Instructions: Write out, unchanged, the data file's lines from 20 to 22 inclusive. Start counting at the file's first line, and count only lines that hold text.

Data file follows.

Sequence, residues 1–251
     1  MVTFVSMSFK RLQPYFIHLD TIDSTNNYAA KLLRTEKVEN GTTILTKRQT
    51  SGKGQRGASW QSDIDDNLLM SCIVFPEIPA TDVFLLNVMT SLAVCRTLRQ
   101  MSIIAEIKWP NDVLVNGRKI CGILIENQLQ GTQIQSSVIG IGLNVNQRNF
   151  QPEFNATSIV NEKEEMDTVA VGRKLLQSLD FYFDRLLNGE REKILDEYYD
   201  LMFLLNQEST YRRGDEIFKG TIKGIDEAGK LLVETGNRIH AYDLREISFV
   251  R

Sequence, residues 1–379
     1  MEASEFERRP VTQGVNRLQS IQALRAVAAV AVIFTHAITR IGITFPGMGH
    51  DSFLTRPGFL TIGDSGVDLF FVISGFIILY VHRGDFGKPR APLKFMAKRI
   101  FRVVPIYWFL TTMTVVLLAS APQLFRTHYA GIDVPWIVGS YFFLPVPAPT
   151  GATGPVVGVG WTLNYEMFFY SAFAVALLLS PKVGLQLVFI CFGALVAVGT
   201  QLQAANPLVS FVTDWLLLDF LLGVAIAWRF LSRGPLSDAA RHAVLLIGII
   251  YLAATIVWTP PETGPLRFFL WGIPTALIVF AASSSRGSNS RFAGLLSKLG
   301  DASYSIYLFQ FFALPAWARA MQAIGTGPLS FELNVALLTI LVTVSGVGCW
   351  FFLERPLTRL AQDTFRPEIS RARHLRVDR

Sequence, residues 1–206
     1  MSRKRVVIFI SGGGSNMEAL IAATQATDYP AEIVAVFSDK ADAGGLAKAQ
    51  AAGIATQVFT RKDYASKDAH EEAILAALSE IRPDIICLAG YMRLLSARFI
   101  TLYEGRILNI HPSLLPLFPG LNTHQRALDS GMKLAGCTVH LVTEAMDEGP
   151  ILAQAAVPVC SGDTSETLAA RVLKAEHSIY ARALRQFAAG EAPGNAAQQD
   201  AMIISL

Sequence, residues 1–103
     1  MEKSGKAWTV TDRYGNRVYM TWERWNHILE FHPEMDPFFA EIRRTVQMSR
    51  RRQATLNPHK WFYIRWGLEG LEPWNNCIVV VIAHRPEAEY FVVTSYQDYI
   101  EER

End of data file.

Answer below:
   101  TLYEGRILNI HPSLLPLFPG LNTHQRALDS GMKLAGCTVH LVTEAMDEGP
   151  ILAQAAVPVC SGDTSETLAA RVLKAEHSIY ARALRQFAAG EAPGNAAQQD
   201  AMIISL